My plan for this loaf of bread was to have it and the rest of dinner ready before Dave got home from work on a Friday evening. The kitchen would be clean, a bottle of wine would be open, garlic would be roasted. We’d sit down together, drink the wine, spread roasted garlic on fresh bread while the rest of dinner was on hold until we were good and ready. Doesn’t that sound nice?
It didn’t work out that way. I was still rolling out pasta for the lasagna and because I was behind on cooking, I was way behind on cleaning. It was almost an hour after Dave got home before the lasagna was built and I could take a break to enjoy this bread and drink some wine. We spread roasted garlic on it (the bread, not the wine – ew), and when we ran out of garlic, we dipped it in green extra virgin olive oil.
Eventually I got the lasagna in the oven, but ignored the mess in the kitchen. When the lasagna was done baking, it was apparent that something had gone very wrong with it. In my hurry to finish cooking, I had taken some shortcuts. I skipped a step that Marcella Hazan specifically calls “something of a nuisance, but necessary.” All too true. The lasagna was sort of a disaster actually, but that was fine, because I was happy to fill up on bread.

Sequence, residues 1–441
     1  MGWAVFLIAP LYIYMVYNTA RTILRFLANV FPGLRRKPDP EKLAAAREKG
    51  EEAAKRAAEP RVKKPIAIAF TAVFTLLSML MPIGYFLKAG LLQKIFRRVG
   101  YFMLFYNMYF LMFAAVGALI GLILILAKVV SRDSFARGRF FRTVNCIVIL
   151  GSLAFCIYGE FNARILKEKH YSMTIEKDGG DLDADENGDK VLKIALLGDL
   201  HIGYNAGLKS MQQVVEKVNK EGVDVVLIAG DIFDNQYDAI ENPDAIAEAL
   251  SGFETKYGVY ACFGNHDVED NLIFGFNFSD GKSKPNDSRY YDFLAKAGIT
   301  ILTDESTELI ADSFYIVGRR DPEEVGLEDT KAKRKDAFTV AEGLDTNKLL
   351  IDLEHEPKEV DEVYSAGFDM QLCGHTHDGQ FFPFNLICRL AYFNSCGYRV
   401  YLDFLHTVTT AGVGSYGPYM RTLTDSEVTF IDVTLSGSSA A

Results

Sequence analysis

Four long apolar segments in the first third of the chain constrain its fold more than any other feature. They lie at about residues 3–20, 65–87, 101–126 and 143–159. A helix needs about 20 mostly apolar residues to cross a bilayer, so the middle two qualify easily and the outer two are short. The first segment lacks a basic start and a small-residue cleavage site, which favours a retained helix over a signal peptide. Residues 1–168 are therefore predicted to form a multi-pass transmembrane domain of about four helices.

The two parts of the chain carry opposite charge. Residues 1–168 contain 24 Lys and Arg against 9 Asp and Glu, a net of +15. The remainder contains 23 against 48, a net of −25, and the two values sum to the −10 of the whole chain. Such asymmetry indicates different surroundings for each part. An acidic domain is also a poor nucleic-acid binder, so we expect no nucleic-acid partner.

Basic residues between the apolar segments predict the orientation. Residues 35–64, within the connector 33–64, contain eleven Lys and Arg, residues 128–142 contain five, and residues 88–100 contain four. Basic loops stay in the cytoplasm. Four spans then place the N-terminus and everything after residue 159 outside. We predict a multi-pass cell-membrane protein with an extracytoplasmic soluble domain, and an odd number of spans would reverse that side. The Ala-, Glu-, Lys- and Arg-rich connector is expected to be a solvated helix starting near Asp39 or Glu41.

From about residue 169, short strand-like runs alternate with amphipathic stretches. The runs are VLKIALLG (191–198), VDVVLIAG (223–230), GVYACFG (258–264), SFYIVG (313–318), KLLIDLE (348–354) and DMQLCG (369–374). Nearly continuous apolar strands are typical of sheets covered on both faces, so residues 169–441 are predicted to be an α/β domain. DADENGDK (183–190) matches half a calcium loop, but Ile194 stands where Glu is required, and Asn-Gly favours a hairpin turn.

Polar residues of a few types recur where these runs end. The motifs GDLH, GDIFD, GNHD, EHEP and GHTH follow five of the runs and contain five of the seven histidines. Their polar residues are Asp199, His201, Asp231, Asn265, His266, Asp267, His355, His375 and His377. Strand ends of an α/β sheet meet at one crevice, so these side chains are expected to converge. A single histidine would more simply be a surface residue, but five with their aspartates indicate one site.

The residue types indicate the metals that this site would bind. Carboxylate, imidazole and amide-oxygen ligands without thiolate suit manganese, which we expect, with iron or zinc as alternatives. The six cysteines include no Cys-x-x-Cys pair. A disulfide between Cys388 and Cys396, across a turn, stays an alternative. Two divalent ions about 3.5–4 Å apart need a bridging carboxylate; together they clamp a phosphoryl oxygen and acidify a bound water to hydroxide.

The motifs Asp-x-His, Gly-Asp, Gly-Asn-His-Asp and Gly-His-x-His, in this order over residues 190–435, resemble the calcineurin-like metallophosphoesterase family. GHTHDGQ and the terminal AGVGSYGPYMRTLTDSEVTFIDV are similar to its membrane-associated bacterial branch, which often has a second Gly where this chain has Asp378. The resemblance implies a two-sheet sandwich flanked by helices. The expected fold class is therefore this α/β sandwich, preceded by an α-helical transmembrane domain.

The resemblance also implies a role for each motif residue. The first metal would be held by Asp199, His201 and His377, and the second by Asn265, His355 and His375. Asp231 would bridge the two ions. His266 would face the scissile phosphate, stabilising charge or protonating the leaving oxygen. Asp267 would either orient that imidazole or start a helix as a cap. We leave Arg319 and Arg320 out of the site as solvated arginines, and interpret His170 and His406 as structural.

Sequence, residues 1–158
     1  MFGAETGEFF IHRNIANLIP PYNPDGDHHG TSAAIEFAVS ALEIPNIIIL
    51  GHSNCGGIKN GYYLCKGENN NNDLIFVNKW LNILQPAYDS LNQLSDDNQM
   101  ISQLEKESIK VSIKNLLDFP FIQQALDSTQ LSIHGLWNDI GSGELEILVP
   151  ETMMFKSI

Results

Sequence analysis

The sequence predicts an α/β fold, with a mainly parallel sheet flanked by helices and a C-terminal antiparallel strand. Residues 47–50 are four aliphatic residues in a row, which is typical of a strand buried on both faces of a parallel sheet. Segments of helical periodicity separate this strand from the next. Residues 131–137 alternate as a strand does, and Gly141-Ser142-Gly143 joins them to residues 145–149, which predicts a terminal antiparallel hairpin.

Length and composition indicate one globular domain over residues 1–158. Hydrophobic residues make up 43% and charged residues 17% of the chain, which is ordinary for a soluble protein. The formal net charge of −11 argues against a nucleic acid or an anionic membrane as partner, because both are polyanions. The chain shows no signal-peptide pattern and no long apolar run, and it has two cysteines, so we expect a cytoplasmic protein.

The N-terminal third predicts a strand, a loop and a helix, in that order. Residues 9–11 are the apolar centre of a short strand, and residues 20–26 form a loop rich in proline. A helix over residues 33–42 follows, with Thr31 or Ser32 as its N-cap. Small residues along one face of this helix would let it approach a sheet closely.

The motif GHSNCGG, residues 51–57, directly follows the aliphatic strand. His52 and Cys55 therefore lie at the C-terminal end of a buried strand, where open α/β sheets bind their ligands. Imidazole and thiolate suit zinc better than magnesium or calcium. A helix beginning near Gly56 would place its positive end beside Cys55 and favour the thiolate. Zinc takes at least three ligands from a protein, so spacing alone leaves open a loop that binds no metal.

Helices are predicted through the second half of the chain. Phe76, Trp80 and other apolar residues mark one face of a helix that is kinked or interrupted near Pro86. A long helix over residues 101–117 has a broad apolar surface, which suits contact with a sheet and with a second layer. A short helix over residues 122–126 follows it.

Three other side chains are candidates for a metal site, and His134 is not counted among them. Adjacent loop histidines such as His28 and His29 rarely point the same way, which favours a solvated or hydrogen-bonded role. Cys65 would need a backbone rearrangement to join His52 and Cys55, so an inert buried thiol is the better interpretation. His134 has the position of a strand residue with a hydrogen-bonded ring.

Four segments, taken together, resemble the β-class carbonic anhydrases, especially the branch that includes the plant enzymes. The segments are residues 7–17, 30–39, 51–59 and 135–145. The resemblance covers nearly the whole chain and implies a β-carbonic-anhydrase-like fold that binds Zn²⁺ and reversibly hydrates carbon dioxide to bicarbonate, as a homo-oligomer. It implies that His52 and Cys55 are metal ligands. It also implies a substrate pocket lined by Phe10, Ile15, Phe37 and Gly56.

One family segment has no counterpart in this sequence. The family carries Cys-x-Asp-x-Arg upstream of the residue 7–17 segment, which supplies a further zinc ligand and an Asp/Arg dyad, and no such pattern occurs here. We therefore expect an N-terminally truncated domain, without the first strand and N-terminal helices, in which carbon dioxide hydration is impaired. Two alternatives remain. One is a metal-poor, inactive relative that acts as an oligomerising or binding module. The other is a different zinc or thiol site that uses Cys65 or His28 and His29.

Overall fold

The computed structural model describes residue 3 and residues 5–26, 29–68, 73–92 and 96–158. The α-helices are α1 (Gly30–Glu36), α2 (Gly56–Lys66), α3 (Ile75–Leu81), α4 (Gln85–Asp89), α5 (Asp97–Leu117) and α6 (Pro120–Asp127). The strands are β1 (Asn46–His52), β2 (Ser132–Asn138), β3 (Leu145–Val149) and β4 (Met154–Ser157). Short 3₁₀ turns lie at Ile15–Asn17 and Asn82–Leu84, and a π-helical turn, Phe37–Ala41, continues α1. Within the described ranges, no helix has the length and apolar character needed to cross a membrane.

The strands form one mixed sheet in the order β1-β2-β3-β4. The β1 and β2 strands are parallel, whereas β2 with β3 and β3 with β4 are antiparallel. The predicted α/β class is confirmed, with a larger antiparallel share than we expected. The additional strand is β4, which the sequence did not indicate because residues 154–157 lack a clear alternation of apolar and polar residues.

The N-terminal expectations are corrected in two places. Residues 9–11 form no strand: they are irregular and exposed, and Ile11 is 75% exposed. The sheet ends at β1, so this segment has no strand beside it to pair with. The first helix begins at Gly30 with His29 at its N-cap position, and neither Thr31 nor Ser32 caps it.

The bread is based on two recipes – the method comes from Peter Reinhart’s recipe for Italian Bread in The Bread Baker’s Apprentice. This is a great book if you’re pretty serious about baking bread at home. Reinhart is all about forcing the maximum flavor out of each ingredient, which I love. The addition of olive oil stems from a recipe for Mantovana Olive Oil Bread in Ultimate Bread, by Eric Treuille and Ursula Ferrigno. This book is great for the less-serious home bread baker. The pictures throughout the book are wonderful and the recipes are varied and interesting, but I think you’ll have more consistent results following Reinhart’s methods.
The olive oil bread was delicious, although I would have preferred an even stronger olive oil flavor. I admit that I got a little scared by the amount of olive oil Treuille and Ferrigno call for and went easy on it. Also, I used regular olive oil, when I meant to use extra virgin. In short, it was really good – but there’s a potential for it could be even better. That just gives me an excuse to try it again soon.
Mantovana Olive Oil Bread (adapted from Peter Reinhart’s The Bread Baker’s Apprentice and Eric Treuille and Ursula Ferrigno’s Ultimate Bread)
Makes one 1-pound loaf
1 recipe biga (recipe follows)
4½ ounces (1 cup) unbleached bread flour